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Gilbert’s Seville orange gin recipe

Seville oranges

Juicy Seville oranges

In January, Gilbert makes Seville orange gin whilst Marjorie is making marmalade. He says there’s nothing like a glass with a stale husk of bread when their marmalade runs out. I’m sure that this never happens as I’ve seen Marjorie stirring dustbin sized vats on their Aga.

Their house was filled with the heavy scent of marmalade last weekend. Like us, they simmer their marmalade for hours to get the depth of flavour and dark colour that livens up even the soggiest piece of toast.

We’ve known Gilbert for years but were surprised to learn that his recent trip to Spain was not for the wintry sunshine but to select and pick his own Seville oranges. It turns out that he has made a pilgrimage to Seville in January for the last twenty years and he’s never let on.

We were delighted to find another man who was willing to undertake the great chopping, simmering, marmalade marathon.

Gilbert shook his head slowly.
“Yes and no. I go to stay with my old pal Juan to catch up and spend a few days in the sun. He lives to the west of Seville. On the last day I rise very early and set out alone to his grove and I pick a dozen oranges to make this grog.”
He reached for a chunky bottle that he plonked on the table and slowly drew out the cork.
“And he always brings me back four boxes of oranges, for my marmalade,” added Marjorie. This explained the vats on the Aga.

Gilbert filled small glasses and pushed them slowly towards us. This fragrant liqueur is fantastic. His recipe is below. Danny is still recovering from the arm wrestling contest that was undertaken to win this recipe.

Citrus liqueurs take ages to mature. Gilbert always allows a minimum of three years for his Seville orange gin. It is well worth the wait. We’re going to make it every year from now on. You can probably use vodka instead of gin if you prefer.

Gilbert’s Seville orange gin recipe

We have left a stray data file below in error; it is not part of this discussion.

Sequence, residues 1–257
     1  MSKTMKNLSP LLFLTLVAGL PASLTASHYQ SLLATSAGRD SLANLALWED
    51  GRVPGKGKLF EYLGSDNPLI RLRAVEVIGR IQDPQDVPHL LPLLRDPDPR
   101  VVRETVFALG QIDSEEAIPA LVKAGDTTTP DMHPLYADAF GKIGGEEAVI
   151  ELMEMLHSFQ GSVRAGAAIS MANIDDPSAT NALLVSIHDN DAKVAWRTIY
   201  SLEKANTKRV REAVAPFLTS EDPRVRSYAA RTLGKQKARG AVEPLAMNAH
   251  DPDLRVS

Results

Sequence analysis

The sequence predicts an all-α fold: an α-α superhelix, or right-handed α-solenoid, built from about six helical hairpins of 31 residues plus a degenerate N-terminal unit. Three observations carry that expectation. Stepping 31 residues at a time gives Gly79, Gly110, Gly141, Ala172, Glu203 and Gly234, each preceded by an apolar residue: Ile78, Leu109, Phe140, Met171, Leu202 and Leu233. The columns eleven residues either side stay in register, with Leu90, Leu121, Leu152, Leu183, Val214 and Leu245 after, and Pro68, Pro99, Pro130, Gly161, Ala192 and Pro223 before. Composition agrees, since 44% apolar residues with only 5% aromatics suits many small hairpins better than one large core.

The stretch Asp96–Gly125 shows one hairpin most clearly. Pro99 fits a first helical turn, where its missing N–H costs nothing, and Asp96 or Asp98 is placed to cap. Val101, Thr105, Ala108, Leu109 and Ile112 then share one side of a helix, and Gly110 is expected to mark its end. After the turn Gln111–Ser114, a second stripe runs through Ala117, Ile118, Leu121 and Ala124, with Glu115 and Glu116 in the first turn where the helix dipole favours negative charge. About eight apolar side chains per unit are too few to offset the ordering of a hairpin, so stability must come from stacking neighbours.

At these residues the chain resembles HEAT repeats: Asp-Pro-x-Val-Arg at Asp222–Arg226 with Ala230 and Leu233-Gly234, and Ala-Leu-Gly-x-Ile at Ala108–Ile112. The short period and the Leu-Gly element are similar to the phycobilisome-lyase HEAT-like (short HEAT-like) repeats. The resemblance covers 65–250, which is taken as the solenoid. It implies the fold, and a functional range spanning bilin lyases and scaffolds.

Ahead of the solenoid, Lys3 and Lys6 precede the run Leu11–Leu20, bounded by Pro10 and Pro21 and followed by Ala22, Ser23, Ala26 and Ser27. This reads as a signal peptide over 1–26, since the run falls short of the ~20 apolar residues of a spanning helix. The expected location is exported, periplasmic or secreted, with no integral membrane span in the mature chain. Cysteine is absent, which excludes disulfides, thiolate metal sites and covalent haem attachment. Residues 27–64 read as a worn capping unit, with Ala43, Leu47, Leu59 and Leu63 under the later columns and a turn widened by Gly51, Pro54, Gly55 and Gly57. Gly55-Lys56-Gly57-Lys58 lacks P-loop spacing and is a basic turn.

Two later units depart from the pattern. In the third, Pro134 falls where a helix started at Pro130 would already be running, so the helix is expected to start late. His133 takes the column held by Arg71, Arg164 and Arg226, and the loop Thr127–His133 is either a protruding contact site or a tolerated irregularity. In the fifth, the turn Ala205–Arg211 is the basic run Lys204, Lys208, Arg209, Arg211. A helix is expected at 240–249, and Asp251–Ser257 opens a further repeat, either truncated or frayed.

Recipe Type: Liqueur
Author: Fiona Nevile
  • 4 Seville oranges (the rind, no pith)
  • 1/2 pound (225g) of granulated white sugar
  • 2 cloves
  • 1 litre of gin (medium quality, supermarket own brands work well)
  1. Pour off 250 ml of gin and reserve. (We always buy the same brand and have a half full bottle knocking around for topping up.)
  2. Carefully pare the orange rind (avoiding the bitter pith) and add to the bottle.
  3. Add the cloves and the sugar.
  4. Top up with gin to an inch below the top.
  5. Leave the bottle in a prominent place for a few days and shake every morning and evening to dissolve the sugar.
  6. After a week place the bottle in a cool, dry place for three years.

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  1. Ruth Berridge

    I’ve just looked this recipe up again as I’d mislaid my scruffy old copy. I’ve been making for several years now and it’s a firm favourite in our house!!
    A varient I tried a batch or so ago was using a few cardamom seeds lightly crushed instead of cloves … Also seriously good! I’m just about to do this year’s batch – roll on 2026!

    • Fiona Nevile

      Hi Ruth, I like the sound of the cardamom instead of cloves. Thanks for the tip!

  2. David Horwell

    Another three year celebrant! I made my Seville orange liqueur on 24 January 2020 and nurtured it in the cool and dark these 3 years, occasionally gently inverting the jar until the peel floated through. I resisted tasting it throughout – until I poured my first glass tonight. Wow! Worth waiting for! It’s ambrosial – a wonderfully orangey but dark flavour, and a crystal clear amber colour. This litre will last me a while (I’ve got my sloe, cherry-plum, redcurrant and rhubarb gins to get through…) – so I’ll start a new jar tomorrow and look forward to enjoying it in three years! Thanks for the recipe, and for your site.

  3. I’ve been making a bottle of this for three years and waiting to taste in in an act of faith …. this year have strained the first bottle and its is delicious, well worth the wait, and now I have an annual supply

  4. Amanda Comber

    Hi, can I just check you leave it for 3 years with the peel and cloves in situ? All other recipes I have made for fruit liqueurs remove the fruit after a few weeks/months before maturing?

    • Did you get a reply? I have left mine in and just strained it through muslin and it is VERY strong! Do you think I can add more gin to dilute the taste?

      • Fiona Nevile

        Yes Sue, Adding more gin would dilute the strength. Personally I never strain any liqueur as the fruit can be used in other things later.

    • Do it – all in for three years
      It’s worth it!
      Try a LITTLE drop after 1,2 and then the finished product.
      Worth the wait! I promise
      Make in successive years being sure to dste the jars when sober!!???
      After 3 years…… Cointreau eat yer heart at!!!

      • Fiona Nevile

        Spot on David! I kept a lemon gin for 5 years before quaffing. It was unbelievably good.

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